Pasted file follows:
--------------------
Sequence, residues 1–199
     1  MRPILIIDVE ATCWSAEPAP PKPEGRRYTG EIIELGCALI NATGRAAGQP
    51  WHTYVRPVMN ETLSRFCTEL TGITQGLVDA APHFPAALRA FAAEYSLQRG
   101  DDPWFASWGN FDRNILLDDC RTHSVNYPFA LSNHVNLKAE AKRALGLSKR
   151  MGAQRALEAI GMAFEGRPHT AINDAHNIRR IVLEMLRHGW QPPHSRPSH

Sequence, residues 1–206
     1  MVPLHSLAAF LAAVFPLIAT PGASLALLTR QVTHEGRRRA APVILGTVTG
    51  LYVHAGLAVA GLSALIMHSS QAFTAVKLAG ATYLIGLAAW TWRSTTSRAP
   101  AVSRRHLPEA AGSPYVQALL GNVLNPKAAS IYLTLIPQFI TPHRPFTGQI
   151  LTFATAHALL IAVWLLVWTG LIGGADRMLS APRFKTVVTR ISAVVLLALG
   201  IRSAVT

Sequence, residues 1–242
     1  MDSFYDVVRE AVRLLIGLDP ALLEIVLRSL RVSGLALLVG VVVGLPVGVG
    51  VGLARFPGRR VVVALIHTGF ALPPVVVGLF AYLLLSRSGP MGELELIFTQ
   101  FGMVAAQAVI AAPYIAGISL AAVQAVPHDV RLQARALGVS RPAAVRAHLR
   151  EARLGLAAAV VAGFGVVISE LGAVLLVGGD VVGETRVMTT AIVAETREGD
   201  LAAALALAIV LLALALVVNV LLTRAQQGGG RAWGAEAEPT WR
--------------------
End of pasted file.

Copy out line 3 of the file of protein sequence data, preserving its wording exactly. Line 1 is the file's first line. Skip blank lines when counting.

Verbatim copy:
    51  WHTYVRPVMN ETLSRFCTEL TGITQGLVDA APHFPAALRA FAAEYSLQRG